Missing parts that could lead to loss of steering are the reported cause of a recall of more than 105,000 vehicles at 29 companies that includes most heavy-duty truck manufacturers.
Bendix Commercial Vehicle Systems subsidiary R.H. Sheppard reported the issue to the National Highway Traffic Safety Administration on May 28.
The filing lists 29 customers including three subsidiaries of Daimler Truck North America; Volvo Trucks North America; Kenworth, Peterbilt and Navistar. Multiple crane and heavy equipment manufacturers also were named.
Sheppard said it was aware of two cases — in June and August 2021 — in which the heavy-duty steering gear failed. Neither involved a crash or injury. Overall, Sheppard estimates 1% of 105,271 recalled vehicles could have the issue, which results from steering gears being assembled without the required number of recirculating balls.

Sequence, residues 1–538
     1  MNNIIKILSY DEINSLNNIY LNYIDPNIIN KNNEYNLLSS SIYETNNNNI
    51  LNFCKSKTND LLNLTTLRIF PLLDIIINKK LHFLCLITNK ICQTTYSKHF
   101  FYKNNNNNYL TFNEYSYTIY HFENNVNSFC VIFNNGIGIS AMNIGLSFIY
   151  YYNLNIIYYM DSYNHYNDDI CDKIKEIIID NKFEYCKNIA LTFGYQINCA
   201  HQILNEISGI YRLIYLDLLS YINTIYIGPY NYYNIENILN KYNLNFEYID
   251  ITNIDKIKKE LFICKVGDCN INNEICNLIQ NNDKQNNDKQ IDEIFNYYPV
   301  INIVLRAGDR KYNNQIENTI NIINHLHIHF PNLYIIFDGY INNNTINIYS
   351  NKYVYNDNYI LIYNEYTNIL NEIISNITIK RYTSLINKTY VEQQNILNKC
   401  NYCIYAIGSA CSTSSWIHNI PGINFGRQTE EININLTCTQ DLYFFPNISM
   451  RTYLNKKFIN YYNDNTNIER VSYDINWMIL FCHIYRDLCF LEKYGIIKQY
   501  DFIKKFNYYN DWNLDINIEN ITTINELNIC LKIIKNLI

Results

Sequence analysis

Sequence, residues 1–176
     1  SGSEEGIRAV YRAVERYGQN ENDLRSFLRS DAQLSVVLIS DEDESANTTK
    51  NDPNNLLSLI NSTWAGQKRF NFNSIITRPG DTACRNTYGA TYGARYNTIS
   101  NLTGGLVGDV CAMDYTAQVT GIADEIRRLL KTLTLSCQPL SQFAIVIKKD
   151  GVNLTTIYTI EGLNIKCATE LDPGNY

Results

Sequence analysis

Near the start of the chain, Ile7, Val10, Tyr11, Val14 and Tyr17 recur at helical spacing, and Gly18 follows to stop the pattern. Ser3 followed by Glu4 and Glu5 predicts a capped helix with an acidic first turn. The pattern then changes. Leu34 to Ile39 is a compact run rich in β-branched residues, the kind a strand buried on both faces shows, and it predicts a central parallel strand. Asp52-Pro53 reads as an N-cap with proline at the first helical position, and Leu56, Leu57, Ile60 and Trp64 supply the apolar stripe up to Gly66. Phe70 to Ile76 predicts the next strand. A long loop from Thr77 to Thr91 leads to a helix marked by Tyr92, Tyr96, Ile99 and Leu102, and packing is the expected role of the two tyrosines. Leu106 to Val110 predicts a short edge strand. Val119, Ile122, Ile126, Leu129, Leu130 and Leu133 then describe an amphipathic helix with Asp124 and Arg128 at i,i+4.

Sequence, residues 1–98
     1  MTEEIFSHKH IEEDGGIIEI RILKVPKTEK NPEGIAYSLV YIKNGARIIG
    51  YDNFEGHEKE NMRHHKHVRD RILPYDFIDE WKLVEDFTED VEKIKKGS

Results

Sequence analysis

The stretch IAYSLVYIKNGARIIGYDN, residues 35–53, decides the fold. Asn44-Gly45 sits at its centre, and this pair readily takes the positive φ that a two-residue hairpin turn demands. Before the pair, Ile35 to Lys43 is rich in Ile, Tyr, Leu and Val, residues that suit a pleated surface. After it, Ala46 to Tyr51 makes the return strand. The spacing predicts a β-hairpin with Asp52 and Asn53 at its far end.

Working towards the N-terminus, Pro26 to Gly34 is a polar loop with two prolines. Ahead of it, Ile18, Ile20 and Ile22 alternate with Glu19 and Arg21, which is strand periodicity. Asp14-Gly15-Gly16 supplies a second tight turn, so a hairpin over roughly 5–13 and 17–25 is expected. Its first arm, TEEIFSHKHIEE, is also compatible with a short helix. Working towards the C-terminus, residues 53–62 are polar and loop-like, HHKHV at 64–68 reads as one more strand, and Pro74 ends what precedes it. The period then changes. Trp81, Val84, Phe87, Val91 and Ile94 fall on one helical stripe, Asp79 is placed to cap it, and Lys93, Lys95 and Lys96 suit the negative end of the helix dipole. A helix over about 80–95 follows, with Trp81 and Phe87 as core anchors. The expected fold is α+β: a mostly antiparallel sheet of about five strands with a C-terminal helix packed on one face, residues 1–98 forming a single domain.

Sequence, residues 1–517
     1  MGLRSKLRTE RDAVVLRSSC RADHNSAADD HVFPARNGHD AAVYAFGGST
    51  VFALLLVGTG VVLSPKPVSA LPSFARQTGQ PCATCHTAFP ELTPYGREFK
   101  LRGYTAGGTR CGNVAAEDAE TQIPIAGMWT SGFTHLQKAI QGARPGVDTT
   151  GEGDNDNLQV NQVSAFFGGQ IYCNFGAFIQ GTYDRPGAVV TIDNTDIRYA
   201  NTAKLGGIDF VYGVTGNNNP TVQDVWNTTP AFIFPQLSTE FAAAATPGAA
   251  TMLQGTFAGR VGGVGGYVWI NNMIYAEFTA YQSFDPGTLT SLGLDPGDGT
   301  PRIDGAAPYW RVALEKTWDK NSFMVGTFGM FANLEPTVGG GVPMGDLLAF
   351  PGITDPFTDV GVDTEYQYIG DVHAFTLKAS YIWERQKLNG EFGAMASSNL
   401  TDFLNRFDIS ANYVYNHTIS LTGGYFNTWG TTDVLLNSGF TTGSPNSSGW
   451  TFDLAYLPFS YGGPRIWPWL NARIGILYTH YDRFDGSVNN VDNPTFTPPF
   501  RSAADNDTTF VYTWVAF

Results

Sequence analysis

Driver may feel a strain
That could cause the steering gear to bind when loads are applied. In some cases, the balls may align on the same side of the gear’s worm shaft. Concentrated loads may cause the gear’s internal parts to fracture, resulting in loss of vehicle steering and the increased likelihood of a crash.
A driver may feel a strain in the steering, but no visible or audible warnings are present, Sheppard told the NHTSA.
The company halted production for a day in February and made an assembly process change while checking inventory for defects. Rework processes and inspections did not detect the missing recirculating balls. The supplier is working on a field remedy and will notify owners of the recall in July.
Daimler reported to NHTSA that it had 6,492 involved vehicles, including certain 2021-2022 Freightliner Custom Chassis Corp. (FCCC) MT45, 2022-2023 Western Star 4900 and Freightliner Cascadia vehicles.
Volvo reported it had 1,632 certain 2022-2023 VN tractor trailers involved in the recall.